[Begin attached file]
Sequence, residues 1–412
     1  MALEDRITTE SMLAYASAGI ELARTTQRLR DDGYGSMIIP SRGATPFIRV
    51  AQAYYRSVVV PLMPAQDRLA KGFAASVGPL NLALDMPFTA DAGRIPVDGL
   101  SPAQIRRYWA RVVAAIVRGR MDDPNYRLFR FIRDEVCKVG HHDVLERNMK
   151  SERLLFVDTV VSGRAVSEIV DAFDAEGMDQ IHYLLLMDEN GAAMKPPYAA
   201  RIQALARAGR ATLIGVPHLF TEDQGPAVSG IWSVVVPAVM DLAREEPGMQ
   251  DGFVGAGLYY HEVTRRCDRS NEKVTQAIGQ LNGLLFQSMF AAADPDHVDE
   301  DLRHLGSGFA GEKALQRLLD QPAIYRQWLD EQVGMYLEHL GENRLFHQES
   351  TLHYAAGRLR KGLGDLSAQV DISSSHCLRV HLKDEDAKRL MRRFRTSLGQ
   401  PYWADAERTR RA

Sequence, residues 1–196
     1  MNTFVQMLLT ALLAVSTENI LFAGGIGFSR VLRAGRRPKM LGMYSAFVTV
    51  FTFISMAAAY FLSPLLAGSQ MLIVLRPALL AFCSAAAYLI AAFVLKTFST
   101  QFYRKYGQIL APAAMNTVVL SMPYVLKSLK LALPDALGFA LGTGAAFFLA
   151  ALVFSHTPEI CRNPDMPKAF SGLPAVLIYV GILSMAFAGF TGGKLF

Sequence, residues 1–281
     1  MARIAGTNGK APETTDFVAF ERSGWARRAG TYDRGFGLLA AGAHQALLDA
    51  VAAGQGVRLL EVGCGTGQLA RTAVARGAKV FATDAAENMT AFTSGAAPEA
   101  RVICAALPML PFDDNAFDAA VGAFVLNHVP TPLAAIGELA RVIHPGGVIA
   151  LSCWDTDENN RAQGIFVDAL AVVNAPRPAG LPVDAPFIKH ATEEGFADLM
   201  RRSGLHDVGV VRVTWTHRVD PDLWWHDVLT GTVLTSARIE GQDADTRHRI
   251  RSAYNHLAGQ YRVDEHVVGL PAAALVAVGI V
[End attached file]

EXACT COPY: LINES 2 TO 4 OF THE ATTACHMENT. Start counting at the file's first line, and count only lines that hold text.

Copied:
     1  MALEDRITTE SMLAYASAGI ELARTTQRLR DDGYGSMIIP SRGATPFIRV
    51  AQAYYRSVVV PLMPAQDRLA KGFAASVGPL NLALDMPFTA DAGRIPVDGL
   101  SPAQIRRYWA RVVAAIVRGR MDDPNYRLFR FIRDEVCKVG HHDVLERNMK